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How many days do you need to spend on the road? 15 full days is the bare minimum for a Route 66 road trip experience. You may need to add one day to adjust and recover from jet lag in Chicago if you’ve had a long flight. We also recommend taking at least two days in Los Angeles to rest up after the end of the trip. If you can afford to take a longer road trip, spend at least three to four weeks on Route 66. You won’t regret it!

3. Don’t rush through it

route 66
Photo credit: moon.com

Building on the last point, do not rush through Route 66 just for the sake of ‘doing it all’! If you try  to cram a full Route 66 road trip in a week or two you will have done none of it at all. Don’t think of it as another stamp in your passport. You may brag to people by saying that you’ve ‘been there, done that’, but you would be better off just reading about it in a book. Route 66 is not just a vacation you take, it is a community and a way of life! If you only have a week, it’s best to plan  a one or two states trip in places that you’re most interested in.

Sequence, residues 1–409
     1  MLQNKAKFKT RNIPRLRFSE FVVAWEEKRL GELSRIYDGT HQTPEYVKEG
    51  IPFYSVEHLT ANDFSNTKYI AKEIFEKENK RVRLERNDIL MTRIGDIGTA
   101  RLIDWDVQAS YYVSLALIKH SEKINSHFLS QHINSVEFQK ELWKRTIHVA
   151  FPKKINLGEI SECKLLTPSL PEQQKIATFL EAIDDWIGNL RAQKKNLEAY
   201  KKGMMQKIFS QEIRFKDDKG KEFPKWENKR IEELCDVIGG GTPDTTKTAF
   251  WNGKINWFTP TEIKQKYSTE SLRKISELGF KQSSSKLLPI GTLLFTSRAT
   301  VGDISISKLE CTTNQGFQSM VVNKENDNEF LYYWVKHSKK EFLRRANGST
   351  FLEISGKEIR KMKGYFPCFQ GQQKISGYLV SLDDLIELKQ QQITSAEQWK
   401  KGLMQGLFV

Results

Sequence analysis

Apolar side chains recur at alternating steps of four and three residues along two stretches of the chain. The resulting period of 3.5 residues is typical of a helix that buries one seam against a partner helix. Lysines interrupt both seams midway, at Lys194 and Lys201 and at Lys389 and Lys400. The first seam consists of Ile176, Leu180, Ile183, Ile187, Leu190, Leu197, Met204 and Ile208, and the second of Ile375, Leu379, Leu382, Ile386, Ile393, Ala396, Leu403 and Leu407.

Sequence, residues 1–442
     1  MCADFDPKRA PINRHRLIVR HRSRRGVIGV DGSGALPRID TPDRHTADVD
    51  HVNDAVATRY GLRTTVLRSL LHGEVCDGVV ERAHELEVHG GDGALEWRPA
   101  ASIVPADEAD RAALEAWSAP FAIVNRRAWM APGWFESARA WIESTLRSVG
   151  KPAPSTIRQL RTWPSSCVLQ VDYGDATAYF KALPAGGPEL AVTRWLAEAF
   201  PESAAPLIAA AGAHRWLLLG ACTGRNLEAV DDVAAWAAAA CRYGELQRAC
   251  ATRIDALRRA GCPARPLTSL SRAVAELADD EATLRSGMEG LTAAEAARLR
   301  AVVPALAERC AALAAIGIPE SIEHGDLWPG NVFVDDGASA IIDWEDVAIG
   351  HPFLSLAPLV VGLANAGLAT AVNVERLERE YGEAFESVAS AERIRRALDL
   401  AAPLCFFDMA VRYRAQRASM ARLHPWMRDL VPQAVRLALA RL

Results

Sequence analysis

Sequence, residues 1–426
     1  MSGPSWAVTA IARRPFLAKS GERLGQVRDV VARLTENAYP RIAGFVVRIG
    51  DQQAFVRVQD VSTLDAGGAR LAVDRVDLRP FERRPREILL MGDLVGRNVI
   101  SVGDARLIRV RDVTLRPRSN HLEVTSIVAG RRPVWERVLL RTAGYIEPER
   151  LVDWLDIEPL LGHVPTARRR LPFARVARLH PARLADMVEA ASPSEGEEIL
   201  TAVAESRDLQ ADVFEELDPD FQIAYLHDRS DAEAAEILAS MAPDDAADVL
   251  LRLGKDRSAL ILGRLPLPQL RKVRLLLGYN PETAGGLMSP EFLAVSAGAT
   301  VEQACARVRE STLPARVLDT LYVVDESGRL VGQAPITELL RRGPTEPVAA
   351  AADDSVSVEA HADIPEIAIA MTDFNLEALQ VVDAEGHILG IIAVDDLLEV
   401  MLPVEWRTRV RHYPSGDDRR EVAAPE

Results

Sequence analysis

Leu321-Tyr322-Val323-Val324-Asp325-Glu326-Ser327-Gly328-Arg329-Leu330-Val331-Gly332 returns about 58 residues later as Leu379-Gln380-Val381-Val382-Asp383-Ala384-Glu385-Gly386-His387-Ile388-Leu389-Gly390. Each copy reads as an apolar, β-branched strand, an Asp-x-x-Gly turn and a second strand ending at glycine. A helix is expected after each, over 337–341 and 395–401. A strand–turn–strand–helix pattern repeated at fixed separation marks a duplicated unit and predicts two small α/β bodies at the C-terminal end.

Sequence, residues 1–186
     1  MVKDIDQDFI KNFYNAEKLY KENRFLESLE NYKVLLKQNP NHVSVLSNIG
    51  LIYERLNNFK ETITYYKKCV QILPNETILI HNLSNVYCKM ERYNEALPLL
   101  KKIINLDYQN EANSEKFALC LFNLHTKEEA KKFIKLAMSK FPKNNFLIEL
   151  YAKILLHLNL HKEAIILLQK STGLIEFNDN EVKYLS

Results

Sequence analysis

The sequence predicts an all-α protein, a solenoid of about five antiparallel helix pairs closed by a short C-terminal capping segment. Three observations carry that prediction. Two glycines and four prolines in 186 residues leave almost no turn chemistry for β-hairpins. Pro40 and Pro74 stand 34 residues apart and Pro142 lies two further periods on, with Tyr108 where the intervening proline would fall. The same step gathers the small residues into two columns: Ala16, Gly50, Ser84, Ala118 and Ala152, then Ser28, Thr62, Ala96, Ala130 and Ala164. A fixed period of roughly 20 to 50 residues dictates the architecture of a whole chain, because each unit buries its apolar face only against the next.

4. East to west or west to east?

route 66 end
Photo credit: pinterest.com

Before moving forward with further plans, which direction do you plan to travel in? Historically, Route 66 begins in Chicago and ends at the Santa Monica Pier in Los Angeles. Most travelers follow the Mother Road as it was originally built – from east to west. However, you will also meet bikers, cars or RVs going in the opposite direction everyday. There may be some difference in airfares depending on season, but bike and car rentals are the same from either direction.

4. Best time to travel

route 66 desert
Photo credit: visittheusa.com